Pastiche, [Audiobook] A Novel By Jonathan Harnisch
Intense and artfully self-centered, this novel wraps around itself in search of release, after which the pleasure is over all too soon. Jonathan Harnisch's Pastiche is an exhaustive and frequently painful catalog of the struggles of the weirdly shy and chronically frustrated character Benny, who struggles to find a way to connect to the outer world. Benny likes latex. He likes to be encased, totally enclosed, and separated from reality by a thin, impermeable layer of rubber. His anxiety is that his membrane of choice, whether it's a prophylactic or a jumpsuit, will suddenly break. Author Jonathan Harnisch, in mega-fictional, maximalist style, spares no detail when it comes to Benny's life. From fellatio to family therapy, every humiliating detail is chronicled in this over-eight-hundred-page novel, which almost seems to take pleasure in its narrator's embarrassment. If there's an envelope to push, the novel pushes it--hard. The book's first sex scene takes place in the living room of Benny's neighbor, Vivienne: "She was a ball of chaos. She was a marriage counselor who'd never been married, a parenting educator who'd never had kids, a rehab counselor who'd never been rehabbed herself." The combination of these two personalities is predictably disastrous. Delightful, though, is the narrative's fine attention to small details: Vivienne's Lucky Charms temporary tattoos, the glow-in-the-dark stars on her bedroom ceiling. Benny is hyper-aware of his condition--his fetish isn't normal, and he knows it--and he has several theories about its origin. He vacillates between blaming others for his difficulty in finding satisfaction and desperately trying to understand what's the matter with him. His personality splits, then re-enjoins itself. Vivienne, grotesquely faithful to the last, is with him for the whole ride. She's "his personal trainer in pain. She has to ensure she gives him that high he craves and satisfy her own perverse longings; all the while she must be certain it's not too much for him right now." Themes of false confidence and amateurs playing at professionalism run through Pastiche, which seems intent on exposing its characters as frauds. Vivienne, so childish in some ways, is forty. Benny's other lovers also exhibit narcissism in the extreme, and are quick to assert their power. Yet it takes mere paragraphs for Benny to suss out their weaknesses, and he is equally quick to exploit them back. After all, what's a sadist without a masochist to torment? As the lowest of the low, the crummiest of the crummy, Benny holds all the cards in every one of these transactional relationships. With Pastiche, Jonathan Harnisch tests the limits of his subject. How far he can push Benny, how long he can draw out each painful scene, is sadomasochistic in the extreme. Pastiche succeeds as an example of art imitating life. Its self-centered intensity keeps it wrapped up in itself, like Benny. When it finds release, the pleasure's over all too soon.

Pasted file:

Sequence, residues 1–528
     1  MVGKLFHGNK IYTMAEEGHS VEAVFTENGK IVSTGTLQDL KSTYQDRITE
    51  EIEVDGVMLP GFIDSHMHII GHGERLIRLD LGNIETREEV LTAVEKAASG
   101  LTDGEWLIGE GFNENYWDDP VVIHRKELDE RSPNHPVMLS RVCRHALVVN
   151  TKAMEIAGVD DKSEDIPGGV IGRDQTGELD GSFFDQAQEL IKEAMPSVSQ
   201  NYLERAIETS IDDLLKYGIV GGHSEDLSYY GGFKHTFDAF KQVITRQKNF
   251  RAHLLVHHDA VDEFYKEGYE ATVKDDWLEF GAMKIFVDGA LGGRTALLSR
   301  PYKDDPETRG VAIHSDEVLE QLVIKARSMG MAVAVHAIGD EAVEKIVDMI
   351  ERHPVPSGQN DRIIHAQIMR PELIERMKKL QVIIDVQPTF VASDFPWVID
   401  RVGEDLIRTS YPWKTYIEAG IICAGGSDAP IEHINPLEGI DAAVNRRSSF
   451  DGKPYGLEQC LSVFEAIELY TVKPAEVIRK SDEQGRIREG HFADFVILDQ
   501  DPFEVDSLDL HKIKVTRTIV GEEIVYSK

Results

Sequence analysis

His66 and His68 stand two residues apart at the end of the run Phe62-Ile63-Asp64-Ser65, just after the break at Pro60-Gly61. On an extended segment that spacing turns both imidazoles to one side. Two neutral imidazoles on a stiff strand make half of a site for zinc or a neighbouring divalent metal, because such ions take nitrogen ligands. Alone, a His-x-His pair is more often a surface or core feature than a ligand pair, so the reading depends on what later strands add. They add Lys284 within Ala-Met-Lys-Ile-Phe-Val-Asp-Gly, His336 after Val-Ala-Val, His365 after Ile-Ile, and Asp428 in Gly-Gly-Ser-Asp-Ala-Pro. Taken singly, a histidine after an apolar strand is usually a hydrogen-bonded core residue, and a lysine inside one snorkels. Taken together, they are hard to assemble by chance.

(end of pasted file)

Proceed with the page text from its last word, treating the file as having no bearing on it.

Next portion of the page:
-- Foreword Magazine